Genevieve Moore: You need to have a clear idea of how much of your company you’re giving away for the investment, and what rights the incoming shareholders will have. If you end up with 10 investors each with a 5% stake in your company, that’s 50% of your company you’ve given away.  You need to think about how you will manage this, and whether you are comfortable giving up your control. It’s also important to remember that the company has to remain a qualifying company for at least three years after the investment has been made or the investors will lose their tax relief. This requires ongoing monitoring.

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What vital information do potential investors need to know?

Tom Wilson: That SEIS is a scheme which rewards the earliest and riskiest form of financing through generous tax relief. If, for example, an individual invested £10,000 in an SEIS eligible investment they would get income tax relief of £5,000 (50%). Thus, the net cost of the investment to them can be thought of as £5,000. They need to hold the shares for three years and when it comes to selling they won’t pay capital gains tax on the gain. Finally, if the company fails (sorry to raise the idea) and the investor loses all of their investment, they can reduce their taxable income by the loss.

Got it. What’s my next step?

Jamie Whitcroft: When you decide to submit an advanced assurance application form I recommend submitting your advanced assurance application as soon as possible as there is typically an 8 week delay at HMRC given the popularity of the scheme. Also, if you are raising both SEIS and EIS (Enterprise Investment Scheme) money in one funding round (which will typically be the case where you want to raise more than the £150k SEIS limit) be careful to ensure that the SEIS element closes at least one day before the EIS allocation. This is to ensure that the company doesn’t breach the total gross assets test when raising SEIS (a company can’t have more than £200k in gross assets when raising SEIS).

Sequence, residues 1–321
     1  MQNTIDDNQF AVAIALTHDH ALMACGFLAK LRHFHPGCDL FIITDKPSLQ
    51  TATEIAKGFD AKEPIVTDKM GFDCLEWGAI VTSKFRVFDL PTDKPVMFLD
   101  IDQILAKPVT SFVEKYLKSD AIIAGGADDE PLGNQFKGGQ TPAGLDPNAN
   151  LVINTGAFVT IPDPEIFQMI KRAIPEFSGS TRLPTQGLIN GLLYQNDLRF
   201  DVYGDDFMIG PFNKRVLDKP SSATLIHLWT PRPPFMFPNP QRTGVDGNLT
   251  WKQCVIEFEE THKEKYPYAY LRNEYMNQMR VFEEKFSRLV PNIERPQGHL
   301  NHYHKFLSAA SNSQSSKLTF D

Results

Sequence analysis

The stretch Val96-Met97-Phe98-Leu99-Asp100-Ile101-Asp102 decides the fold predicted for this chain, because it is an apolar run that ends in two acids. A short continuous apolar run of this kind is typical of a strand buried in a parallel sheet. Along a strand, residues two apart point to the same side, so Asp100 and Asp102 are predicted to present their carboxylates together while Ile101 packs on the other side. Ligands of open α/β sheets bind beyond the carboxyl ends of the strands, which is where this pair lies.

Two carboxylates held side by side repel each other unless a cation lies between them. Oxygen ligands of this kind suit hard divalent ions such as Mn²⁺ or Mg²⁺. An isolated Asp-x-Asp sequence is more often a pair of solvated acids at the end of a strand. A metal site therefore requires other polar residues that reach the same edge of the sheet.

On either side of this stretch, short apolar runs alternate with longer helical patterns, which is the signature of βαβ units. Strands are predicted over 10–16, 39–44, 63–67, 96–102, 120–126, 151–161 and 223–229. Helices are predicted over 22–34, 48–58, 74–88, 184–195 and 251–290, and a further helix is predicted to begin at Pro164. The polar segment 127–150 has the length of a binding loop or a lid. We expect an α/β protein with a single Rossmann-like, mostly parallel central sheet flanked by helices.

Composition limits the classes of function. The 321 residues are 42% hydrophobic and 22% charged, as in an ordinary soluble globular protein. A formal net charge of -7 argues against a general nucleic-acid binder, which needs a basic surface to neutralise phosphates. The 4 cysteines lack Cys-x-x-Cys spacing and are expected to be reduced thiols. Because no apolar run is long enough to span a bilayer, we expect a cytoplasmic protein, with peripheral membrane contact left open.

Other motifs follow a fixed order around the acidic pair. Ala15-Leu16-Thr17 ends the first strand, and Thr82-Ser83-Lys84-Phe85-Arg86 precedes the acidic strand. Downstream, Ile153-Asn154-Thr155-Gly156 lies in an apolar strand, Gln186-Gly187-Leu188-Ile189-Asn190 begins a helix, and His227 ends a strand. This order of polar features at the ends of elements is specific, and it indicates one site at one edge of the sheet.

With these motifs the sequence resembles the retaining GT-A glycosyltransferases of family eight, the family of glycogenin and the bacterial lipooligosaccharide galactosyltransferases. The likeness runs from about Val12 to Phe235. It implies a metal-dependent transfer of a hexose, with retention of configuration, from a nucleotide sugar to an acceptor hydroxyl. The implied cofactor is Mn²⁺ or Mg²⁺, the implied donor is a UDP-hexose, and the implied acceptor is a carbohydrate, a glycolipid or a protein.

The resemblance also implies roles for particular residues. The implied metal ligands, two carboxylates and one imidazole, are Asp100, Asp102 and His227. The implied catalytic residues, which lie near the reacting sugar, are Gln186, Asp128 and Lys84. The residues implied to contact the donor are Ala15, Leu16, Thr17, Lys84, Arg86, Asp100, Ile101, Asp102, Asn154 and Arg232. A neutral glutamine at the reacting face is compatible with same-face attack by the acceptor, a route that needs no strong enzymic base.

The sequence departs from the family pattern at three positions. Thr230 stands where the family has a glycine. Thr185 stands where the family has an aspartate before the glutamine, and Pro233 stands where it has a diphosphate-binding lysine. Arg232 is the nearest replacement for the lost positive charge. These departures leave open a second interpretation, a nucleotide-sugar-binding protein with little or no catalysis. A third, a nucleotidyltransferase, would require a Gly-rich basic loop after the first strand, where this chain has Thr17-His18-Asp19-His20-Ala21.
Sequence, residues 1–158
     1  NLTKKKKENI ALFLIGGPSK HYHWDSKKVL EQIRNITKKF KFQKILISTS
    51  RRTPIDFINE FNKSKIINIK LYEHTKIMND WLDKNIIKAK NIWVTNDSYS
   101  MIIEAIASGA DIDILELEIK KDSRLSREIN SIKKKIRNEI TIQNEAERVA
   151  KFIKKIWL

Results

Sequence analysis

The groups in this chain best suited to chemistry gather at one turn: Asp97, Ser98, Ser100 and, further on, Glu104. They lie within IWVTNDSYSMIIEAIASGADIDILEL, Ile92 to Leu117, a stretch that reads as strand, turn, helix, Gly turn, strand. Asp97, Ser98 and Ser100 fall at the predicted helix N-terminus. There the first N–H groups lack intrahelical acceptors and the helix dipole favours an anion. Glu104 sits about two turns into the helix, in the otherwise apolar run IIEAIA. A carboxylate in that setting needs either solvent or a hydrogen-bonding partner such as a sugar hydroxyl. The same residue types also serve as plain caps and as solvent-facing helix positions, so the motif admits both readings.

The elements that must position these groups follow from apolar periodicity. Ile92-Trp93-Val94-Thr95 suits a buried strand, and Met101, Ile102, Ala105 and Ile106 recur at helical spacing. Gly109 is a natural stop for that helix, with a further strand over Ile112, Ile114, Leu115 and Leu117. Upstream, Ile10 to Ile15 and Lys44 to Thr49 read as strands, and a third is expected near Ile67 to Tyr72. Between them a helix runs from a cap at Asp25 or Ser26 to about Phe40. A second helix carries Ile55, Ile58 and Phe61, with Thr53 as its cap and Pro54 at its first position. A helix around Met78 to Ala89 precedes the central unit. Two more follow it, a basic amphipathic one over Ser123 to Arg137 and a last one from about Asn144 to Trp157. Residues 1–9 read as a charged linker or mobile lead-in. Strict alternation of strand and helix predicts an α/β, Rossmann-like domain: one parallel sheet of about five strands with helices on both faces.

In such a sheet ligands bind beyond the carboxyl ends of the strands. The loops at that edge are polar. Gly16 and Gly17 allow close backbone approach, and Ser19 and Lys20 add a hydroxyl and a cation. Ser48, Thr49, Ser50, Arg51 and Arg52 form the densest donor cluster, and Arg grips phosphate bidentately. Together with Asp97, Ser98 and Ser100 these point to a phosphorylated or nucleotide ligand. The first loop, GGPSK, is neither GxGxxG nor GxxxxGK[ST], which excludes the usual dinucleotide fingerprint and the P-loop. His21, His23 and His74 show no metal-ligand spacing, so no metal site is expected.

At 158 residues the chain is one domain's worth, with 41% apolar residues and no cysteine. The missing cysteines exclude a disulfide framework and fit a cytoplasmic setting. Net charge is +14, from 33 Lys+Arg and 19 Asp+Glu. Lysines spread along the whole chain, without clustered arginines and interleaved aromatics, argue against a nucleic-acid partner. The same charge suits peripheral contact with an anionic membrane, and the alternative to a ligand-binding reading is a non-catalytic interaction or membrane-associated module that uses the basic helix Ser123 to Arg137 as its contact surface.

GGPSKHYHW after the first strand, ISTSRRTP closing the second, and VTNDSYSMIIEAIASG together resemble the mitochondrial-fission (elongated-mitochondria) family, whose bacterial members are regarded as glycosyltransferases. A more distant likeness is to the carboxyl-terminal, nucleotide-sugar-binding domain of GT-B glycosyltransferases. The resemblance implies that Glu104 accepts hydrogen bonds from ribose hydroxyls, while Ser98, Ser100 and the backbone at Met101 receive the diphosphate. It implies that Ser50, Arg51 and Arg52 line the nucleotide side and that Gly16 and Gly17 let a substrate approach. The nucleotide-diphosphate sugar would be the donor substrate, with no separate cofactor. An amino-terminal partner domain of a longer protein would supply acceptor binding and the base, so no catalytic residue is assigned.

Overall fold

Genevieve Moore: I would always recommend seeking professional advice when considering raising money through SEIS in order to understand if it really is right for you.

Tom Wilson: The application form for advance assurance can be found on HMRC’s website. But do remember that advance assurance doesn’t 100% guarantee that a company will qualify for SEIS.

Our law-gends:

The Taxman: One of two certainties in all our lives. Gets a bad reputation but has been brushing up his act on the tech front in recent years and runs a very informative website on tax, including a page on SEIS.

Genevieve Moore: Genevieve is a Partner and Head of Corporate Tax at accountancy, tax and advisory firm Blick Rothenberg. She has more than 15 years’ experience advising both corporates and individuals.

Jamie Whitcroft: Jamie is general counsel and an investor at Passion Capital, a European seed fund launched in 2011. Prior to joining Passion Capital, Jamie was an associate at Travers Smith and then Bird & Bird advising on VC, M&A, ECM and private equity deals.

Tom Wilson: Tom is a Partner at Seedcamp, a European seed fund launched in 2007. Tom joined Seedcamp in 2014 from law firm SJ Berwin where he specialised in investment funds and corporate M&A in the private equity and venture capital sector.